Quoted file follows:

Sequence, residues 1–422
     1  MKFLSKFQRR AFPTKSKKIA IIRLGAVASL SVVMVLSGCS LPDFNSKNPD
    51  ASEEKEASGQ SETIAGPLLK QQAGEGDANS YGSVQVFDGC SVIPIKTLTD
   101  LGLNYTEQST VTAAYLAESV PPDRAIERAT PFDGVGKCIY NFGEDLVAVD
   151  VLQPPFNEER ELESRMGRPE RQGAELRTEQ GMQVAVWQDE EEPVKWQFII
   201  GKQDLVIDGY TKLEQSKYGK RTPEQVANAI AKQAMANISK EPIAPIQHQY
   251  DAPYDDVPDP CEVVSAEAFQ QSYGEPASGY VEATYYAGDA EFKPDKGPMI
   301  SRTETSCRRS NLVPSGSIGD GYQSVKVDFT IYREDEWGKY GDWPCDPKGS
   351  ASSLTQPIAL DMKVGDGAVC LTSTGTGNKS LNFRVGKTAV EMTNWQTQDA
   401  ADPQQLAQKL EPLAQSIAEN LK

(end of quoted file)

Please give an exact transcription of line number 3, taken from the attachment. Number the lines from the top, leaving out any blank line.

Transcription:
    51  ASEEKEASGQ SETIAGPLLK QQAGEGDANS YGSVQVFDGC SVIPIKTLTD